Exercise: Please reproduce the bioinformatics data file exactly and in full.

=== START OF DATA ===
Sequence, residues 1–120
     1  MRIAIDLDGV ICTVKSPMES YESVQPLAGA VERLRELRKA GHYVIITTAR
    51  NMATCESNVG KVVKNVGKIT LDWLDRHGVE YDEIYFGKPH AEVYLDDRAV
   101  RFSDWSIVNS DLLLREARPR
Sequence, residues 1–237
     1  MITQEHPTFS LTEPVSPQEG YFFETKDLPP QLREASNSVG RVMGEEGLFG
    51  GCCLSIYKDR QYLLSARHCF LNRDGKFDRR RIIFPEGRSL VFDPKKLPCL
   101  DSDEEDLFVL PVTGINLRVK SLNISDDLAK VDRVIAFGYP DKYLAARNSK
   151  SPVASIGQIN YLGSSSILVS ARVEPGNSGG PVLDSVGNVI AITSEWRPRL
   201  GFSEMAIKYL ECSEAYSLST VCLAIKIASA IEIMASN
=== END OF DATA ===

Sequence, residues 1–120
     1  MRIAIDLDGV ICTVKSPMES YESVQPLAGA VERLRELRKA GHYVIITTAR
    51  NMATCESNVG KVVKNVGKIT LDWLDRHGVE YDEIYFGKPH AEVYLDDRAV
   101  RFSDWSIVNS DLLLREARPR
Sequence, residues 1–237
     1  MITQEHPTFS LTEPVSPQEG YFFETKDLPP QLREASNSVG RVMGEEGLFG
    51  GCCLSIYKDR QYLLSARHCF LNRDGKFDRR RIIFPEGRSL VFDPKKLPCL
   101  DSDEEDLFVL PVTGINLRVK SLNISDDLAK VDRVIAFGYP DKYLAARNSK
   151  SPVASIGQIN YLGSSSILVS ARVEPGNSGG PVLDSVGNVI AITSEWRPRL
   201  GFSEMAIKYL ECSEAYSLST VCLAIKIASA IEIMASN